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  • Last year we saved our CCA clients alone £25.5m

How ESOS Differs From Other Energy Legislation

If your business is required to become ESOS-compliant, this likely won’t be the first time you’ve needed to report your company’s energy usage. Between CRCs, DECs, and CCAs, there’s a danger that ESOS could become just another acronym. Over the next few months, we’ll be taking a brief look at previous legislative measures to see what ESOS has really brought to the table.

Carbon Reduction Commitment (CRC) Energy Efficiency Scheme

•    What is it? The CRC Energy Efficiency Scheme is designed to make businesses pay for the amount they pollute by requiring them to buy allowances for every tonne of carbon they emit.

•    Who is it for? Large, non-energy-intensive businesses – i.e. those using more than 6000MWh of electricity through settled half-hourly metering per year – are required to be compliant with the scheme. This affects both public and private sector organisations, such as supermarkets, banks, hotel chains and local authorities.

•    How is it different to ESOS?
–    Essentially, the CRC Energy Efficiency Scheme works in the same way as a carbon tax
–    There isn’t an incentive to identify any long-term energy-saving measures, whereas, with ESOS, this is mandatory
–    The CRC Energy Efficiency Scheme also doesn’t cover processes such as transport and manufacturing
–    While ESOS is a carrot, the CRC Energy Efficiency Scheme is definitely a stick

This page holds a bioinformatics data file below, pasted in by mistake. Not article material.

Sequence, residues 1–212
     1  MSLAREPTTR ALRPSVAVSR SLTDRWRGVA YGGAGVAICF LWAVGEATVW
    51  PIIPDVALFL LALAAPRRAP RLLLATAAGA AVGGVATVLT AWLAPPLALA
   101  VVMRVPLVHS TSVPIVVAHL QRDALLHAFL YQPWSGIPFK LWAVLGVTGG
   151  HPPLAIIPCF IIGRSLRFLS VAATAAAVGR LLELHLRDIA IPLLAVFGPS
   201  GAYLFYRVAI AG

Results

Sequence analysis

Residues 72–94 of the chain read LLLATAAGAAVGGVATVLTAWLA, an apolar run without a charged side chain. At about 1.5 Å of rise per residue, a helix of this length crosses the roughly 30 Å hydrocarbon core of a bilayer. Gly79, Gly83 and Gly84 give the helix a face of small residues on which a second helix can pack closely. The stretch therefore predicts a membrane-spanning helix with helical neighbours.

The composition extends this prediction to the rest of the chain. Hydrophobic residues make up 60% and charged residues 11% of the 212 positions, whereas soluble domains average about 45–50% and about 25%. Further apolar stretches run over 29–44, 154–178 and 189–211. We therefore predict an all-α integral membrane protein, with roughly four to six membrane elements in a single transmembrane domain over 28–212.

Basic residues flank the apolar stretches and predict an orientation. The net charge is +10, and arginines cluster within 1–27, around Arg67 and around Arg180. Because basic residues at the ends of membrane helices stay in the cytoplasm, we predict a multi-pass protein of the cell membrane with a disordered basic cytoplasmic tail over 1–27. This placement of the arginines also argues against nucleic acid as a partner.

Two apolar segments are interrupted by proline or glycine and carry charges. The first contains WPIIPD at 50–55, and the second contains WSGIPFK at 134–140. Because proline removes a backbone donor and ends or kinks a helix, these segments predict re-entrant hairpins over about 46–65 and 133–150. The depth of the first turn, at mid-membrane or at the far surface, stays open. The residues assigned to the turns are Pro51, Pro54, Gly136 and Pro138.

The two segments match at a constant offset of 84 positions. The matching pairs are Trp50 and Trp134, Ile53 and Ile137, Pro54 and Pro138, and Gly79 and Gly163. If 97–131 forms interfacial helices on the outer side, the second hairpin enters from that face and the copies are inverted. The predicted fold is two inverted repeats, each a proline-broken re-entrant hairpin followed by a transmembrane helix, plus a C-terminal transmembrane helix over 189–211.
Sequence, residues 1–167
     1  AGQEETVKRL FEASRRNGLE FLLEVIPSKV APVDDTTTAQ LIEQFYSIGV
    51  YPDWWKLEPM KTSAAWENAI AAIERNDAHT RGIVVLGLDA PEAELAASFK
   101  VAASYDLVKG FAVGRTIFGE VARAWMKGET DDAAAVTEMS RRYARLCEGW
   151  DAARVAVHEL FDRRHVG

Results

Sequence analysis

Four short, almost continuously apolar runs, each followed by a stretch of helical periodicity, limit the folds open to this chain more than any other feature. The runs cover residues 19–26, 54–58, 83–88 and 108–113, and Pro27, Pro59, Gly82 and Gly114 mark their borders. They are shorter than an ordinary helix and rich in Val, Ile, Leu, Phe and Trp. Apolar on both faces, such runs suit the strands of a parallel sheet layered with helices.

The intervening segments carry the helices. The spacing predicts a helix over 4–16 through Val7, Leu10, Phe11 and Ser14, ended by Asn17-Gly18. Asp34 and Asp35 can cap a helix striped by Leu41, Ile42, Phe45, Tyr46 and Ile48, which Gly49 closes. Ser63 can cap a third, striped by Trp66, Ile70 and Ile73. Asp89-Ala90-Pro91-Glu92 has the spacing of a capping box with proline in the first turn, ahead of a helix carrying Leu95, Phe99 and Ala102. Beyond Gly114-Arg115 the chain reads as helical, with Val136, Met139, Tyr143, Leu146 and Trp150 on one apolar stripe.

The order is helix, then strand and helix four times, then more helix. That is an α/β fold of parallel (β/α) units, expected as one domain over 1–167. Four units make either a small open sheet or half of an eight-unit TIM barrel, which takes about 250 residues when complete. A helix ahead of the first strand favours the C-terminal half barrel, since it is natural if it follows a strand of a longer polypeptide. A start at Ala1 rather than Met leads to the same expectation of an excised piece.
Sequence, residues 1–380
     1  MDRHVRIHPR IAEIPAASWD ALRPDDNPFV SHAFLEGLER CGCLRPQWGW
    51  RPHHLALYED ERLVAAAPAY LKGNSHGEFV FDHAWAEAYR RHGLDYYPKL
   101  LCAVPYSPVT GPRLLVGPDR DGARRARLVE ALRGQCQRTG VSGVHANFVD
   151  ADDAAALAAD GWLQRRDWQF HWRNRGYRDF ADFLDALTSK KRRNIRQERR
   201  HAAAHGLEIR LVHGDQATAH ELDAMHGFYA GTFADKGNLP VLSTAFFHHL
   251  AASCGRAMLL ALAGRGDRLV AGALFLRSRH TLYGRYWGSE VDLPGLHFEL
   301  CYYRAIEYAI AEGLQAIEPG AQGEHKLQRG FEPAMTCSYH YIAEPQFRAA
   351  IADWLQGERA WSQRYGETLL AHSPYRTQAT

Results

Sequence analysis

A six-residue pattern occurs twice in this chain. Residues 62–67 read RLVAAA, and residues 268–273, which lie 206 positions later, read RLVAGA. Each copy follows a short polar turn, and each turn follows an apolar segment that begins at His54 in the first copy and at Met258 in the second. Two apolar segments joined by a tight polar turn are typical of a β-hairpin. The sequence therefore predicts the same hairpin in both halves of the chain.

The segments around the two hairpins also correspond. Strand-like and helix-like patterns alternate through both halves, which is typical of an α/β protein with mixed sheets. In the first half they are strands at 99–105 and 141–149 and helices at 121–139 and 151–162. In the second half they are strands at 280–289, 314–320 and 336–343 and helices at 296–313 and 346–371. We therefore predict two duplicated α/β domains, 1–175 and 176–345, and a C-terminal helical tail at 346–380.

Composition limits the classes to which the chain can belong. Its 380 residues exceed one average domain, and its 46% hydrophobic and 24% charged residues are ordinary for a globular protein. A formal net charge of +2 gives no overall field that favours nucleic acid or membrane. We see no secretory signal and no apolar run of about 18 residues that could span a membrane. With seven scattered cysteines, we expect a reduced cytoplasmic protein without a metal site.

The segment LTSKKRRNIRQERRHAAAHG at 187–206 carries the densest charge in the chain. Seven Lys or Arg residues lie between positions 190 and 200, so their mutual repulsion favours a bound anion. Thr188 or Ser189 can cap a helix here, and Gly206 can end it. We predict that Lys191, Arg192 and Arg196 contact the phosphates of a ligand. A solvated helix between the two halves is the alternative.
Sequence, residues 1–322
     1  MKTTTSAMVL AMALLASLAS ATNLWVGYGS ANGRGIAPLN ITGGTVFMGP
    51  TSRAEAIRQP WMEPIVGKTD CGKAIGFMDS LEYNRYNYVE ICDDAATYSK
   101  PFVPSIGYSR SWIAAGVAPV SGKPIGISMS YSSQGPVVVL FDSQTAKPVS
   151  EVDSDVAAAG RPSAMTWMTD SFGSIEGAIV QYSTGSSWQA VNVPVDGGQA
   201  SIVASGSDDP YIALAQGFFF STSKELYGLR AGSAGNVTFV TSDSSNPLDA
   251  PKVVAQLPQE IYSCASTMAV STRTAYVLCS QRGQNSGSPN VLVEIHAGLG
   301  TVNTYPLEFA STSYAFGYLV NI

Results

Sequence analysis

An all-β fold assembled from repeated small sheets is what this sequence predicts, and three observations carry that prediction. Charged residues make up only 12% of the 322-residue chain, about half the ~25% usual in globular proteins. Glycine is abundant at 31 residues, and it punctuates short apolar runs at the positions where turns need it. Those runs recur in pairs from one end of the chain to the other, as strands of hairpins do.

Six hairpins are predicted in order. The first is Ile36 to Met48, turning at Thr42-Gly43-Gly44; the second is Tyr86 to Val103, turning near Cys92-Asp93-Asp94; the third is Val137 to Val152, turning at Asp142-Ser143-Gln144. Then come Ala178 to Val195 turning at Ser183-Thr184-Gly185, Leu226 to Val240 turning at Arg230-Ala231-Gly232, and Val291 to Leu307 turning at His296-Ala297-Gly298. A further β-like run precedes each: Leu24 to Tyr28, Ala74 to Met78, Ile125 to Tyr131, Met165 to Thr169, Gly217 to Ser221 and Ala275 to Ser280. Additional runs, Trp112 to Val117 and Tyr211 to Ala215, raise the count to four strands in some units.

Display Energy Certificates (DECs)

•    What are they? DECs are mandatory for public buildings and designed to inform members of the public of the metered energy used by a particular building. A certificate provides an energy performance operational rating, where A is very efficient and G is the least efficient. An accompanying advisory report can identify where energy is being wasted and how energy-efficiency can be improved. In the private sector DECs are voluntary and not mandatory.

•    Who are they for? DECs are required in buildings with a floor area of over 500m2 that are occupied in whole or part by public authorities and frequently visited by the public. DECs only apply in England, Wales & Northern Ireland as Scotland does not have DECs.

•    How are they different to ESOS?
–    DECs are not necessarily different to ESOS; they just don’t cover as much ground
–    Although advisory reports can identify some energy-saving measures, DECs only cover the energy used by buildings and don’t touch on things like transport or manufacturing
–    They don’t cover whole life costs
–    They’re not super-convenient for large businesses with lots of sites as a separate DEC is needed for every building
–    There’s also a ‘naming and shaming’ element to DECs as lower-rated companies are forced to display their energy-inefficiency to whoever pays them a visit, and DECs are held on a national register
–    For the DEC to be meaningful it needs real time data for a period of 12 months and a site audit